Saviors directed by Chris Gallego Wong

Friday, October 12th
1:00 PM – 3:00 PM


A former rock star guitarist’s recreational drug use has ballooned into a full-blown heroin addiction. At the crossroads, he succumbs to his habit and pawns his most prized possession for one last wild ride. Then, in a paralyzing instant, his true inner self takes charge when he risks arrest on drug charges to help someone in dire need.

Director’s Biography

Chris is a producer, director, and editor who found his calling after attempting to fly off his parents’ couch with a red blanket tied around his neck when he was three. Although his original career choice was Superman, he opted for filmmaker when the whole flying thing didn’t pan out.

Chris focuses his creative energy towards finding and interpreting stories that illuminate the human condition, and these stories allow us to share our unique experiences with one another. Chris most recently directed the award-winning feature film My Name Is David, starring Keith Powell (30 Rock), Judy Reyes (Scrubs) and Adepero Oduye (12 Years a Slave). The movie premiered at the San Luis Obispo International Film Festival and won “Best Feature
Honorable Mention” at the San Francisco Black Film Festival. My Name Is David had an initial release on the Urban Movie Channel and will be available in 2018 across multiple VOD platforms. His short film, Saviors, premiered in March 2018 at the FirstGlance Film Festival in Los Angeles. Chris was awarded the 2018 Papaya Films Bursary award for Outstanding Debut Filmmaker for his work on Saviors.

Chris is a graduate of New York University’s Tisch School of the Arts and had the distinct honor of spending a semester studying at the Royal Academy of Dramatic Art in London. After graduating from NYU, Chris married his high school sweetheart, and they have two beautiful little girls together.

Director Statement

I first met Mark Brown through a mutual friend, Sean Michael Arthur. Mark had just finished writing a very personal screenplay for a film titled When You Come Back Down, and he mentioned to Michael that he was looking for a director who could handle the material and make the film the way it needed to be made. Michael responded, “I know a guy – he’s terrific. And there’s one question you’re going to ask him. When he answers it, you’ll know he’s the one.” Sure enough Mark and I met, and towards the end of our conversation, he asked me the question that Michael knew he would. Thankfully for me I had the right answer, and thus began a wonderful working collaboration and more importantly, a great friendship. By the way, if you’re curious about what the question was, I encourage you to ask Mark about the story; he tells it much better than I.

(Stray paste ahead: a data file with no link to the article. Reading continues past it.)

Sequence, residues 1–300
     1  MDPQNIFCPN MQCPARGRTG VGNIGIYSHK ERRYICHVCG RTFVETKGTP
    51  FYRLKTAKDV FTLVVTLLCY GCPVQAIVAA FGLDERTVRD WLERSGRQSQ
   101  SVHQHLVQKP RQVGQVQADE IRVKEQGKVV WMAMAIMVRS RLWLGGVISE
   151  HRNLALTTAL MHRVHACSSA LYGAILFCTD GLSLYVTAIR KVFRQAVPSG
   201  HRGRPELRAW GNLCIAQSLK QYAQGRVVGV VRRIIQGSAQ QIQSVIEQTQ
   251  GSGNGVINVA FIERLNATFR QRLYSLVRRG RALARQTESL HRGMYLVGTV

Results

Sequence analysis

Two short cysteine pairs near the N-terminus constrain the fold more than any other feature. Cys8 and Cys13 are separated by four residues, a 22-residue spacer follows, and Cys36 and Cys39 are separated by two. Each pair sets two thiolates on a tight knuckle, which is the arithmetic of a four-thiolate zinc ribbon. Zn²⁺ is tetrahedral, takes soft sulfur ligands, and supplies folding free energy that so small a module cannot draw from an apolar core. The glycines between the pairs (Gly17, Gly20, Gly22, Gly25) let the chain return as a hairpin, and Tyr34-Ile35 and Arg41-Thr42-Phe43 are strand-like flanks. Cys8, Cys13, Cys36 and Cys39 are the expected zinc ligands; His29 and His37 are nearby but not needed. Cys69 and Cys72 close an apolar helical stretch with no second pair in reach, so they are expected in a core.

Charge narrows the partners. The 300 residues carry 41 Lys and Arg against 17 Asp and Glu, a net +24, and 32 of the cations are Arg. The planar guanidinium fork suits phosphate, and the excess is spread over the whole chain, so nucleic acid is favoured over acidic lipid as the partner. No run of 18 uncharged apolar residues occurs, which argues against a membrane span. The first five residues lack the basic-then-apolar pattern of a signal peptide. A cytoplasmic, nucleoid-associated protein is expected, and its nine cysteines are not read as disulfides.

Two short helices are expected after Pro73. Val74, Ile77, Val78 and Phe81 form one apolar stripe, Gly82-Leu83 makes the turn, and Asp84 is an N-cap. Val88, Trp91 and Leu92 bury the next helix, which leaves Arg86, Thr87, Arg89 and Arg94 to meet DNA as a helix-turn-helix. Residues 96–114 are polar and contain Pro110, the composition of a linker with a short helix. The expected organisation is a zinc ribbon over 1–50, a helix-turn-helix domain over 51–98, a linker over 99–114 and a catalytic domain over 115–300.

While waiting for funding to fall into place for When You Come Back Down, Mark showed me the short script for Saviors,
which he pulled and adapted from a feature-length script he wrote with the same name. Chet Dugan is one of several captivating characters from the feature, and I was instantly drawn to the journey of a washed-up musician who could have been something great but ultimately fell victim to his inner demons. There was only one problem – I felt the script was a bit ambitious for our intended budget and time frame. Mark was
confident that with the right producer attached, we could make it happen. As soon as we had our first meeting with Lisa Catara, I knew that we could pull this off with her on board. Besides playing one of the lead characters, Lisa was also the Executive Producer and Casting Director for Saviors. An extraordinary and multi-faceted artist, Lisa was the gateway to finding our terrific cast and the many practical resources required for the film, without which we could never have pulled it off.

Saviors is a film that highlights the agony of substance addiction, the desperation of losing all hope, and finally the power of compassion and forgiveness. I believe we are all interconnected on this planet and so our behavior and our choices have the potential to send endless ripples through the lives of every person we come in contact with. I believe that we are each given an opportunity to be the light for someone in their time of darkness, to be their music in their time of deafening silence, and to chose compassion and empathy over indifference.

The Saviors feature is in development. If you’re interested in being part of the team that makes this happen, I encourage you to reach out to Mark Brown for more information.